It is therefore found to be desirable to provide placement of a measuring apparatus such that sampling of the sand used in a batch of concrete, for example, may be visibly monitored and verified. Additionally, it is desired that a measuring apparatus be designed such that its use does not inhibit or add steps to the manufacturing process.
It is the broad object of the present invention to provide a very accurate measurement of the moisture content of sand or similar granular material by the elimination of sources of error found in previous measuring methods. More particularly, it is desired to obtain a very accurate measurement of the moisture content of sand or similar materials utilized in the manufacture of concrete batches.
It is another object of the present invention to provide placement of a measuring apparatus such that sampling in the flow of the granular materials during weighing and mixing can be visibly verified to insure sample integrity. In this way the measuring apparatus is always sampling the sand used in a current batch of materials, and measurement of the sand in a static condition is avoided.
It is a further object of the present invention to provide a measuring apparatus designed in accordance with the desired sampling of the material in which sample integrity may be verified, and utilized with the desired measuring method.
In accordance with the present invention, a method and apparatus for the continuous measurement of the moisture content of a sand or other granular material in a particular batch of the material is provided. The invention utilizes a capacitance measuring device, and more particularly a fringe electrode capacitance type geometry for the sensing elements, which will determine the dielectric properties and moisture content of the measured material. The sensing arrangement is housed within a sampling apparatus comprising a trough, which is mounted in an angular position such that the material to be measured may simply be made to fall into the sampling apparatus as it travels to a weighing or mixing bin. The sampling apparatus is constructed in a particular manner to insure accurate and uniform sampling of the material as it falls through the apparatus, and enables visible determination of the sample integrity along with providing easy access to the sensing arrangement for calibration and/or repair.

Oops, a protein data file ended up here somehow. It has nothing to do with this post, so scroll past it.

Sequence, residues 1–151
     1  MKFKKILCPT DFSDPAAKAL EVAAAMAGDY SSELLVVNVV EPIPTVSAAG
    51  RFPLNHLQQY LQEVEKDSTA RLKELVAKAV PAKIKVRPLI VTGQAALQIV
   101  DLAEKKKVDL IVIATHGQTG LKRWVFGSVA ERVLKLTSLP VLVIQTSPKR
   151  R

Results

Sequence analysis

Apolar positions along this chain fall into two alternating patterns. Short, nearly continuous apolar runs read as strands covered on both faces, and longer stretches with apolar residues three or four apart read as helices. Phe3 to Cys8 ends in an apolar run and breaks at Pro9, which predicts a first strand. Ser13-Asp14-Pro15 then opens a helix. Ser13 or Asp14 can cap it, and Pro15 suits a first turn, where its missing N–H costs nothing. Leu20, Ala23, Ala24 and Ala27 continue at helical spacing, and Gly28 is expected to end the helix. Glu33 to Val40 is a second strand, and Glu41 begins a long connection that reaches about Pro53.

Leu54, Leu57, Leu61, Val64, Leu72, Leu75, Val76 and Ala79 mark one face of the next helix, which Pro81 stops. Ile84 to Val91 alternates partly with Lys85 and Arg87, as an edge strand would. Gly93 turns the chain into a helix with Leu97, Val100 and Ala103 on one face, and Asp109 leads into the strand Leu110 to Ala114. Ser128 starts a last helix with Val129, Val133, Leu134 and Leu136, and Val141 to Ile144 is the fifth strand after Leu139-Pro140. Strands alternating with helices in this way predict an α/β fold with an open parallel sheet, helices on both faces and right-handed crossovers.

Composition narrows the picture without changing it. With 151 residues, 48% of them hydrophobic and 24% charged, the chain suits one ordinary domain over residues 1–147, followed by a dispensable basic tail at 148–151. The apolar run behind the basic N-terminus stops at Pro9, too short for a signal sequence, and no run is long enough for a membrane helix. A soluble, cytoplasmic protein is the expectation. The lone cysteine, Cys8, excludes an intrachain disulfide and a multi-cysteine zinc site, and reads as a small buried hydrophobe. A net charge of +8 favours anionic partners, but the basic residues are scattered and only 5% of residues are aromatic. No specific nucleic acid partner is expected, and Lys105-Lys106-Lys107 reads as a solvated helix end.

With the manufacture of concrete, the accurate knowledge of the total moisture of the entire batch of material to be used will thus ensure the manufacture of concrete mixes which have accurately known compositions. It is to be understood, though, that the moisture measurement of sand and other granular materials in the manufacture of concrete is only one area in which the present invention may be useful. Alternatively, for example, cinder plants or an agglomerate manufacturer would be facilitated by use of the present invention to determine moisture content of these particular granular materials.
The foregoing and other objects are achieved by the present invention utilizing a significantly simpler method and apparatus which is easily incorporated into a manufacturing process without limiting the process thereby. The present invention is also found to achieve greater accuracy and reliability than previous attempts found in the prior art.
For an understanding of the scope of the invention and a complete understanding of the objects, techniques and structure of the invention, reference should be made to the following detailed description and the accompanying drawings wherein:
FIG. 1 is a perspective view of the apparatus of the present invention utilized for measuring moisture content;
FIG. 2 is a perspective view showing the apparatus of the present invention in its measuring position during a manufacturing process;
FIG. 3 is a front view of the apparatus showing the sideboard geometry thereof;
FIG. 4 is a top plan view of the apparatus showing the electrode arrangement of the sensing device;
FIG. 5 is a cross-sectional view of the apparatus of the present invention taken along the line 5-5 of FIG. 4;
FIG. 6 is a block diagram illustrating a preferred electrical system for the measuring circuit of the present invention;
FIG. 7a and 7b are schematic circuit diagrams of a moisture measuring circuit in accordance with this invention;
FIG. 8 is a graph showing the output of the measuring circuits described in relation to the present invention versus the amount of moisture measured in the granular material.
It is to be understood that like reference characters designate like or corresponding parts throughout the several views as shown in the figures.
Referring now in detail to the drawings, and in particular to FIGS. 1-4, a measuring apparatus designated generally as 10 is utilized for use in measuring the moisture content of granular materials.
With reference to FIG. 1, the preferred embodiment of the moisture measuring apparatus 10, in accordance with the present invention is illustrated, in which a trough is formed having two sideboards 11 and bottom 12 which forms a sensing surface. The sideboards 11 and bottom 12 are held together by means of brackets 13. A housing 14 encases the electronic measuring circuitry, and is closed by cover 15. The housing 14 is provided with input/output terminals 16 whereby measurements or power may be coupled out of or into the measuring circuit via lines 17.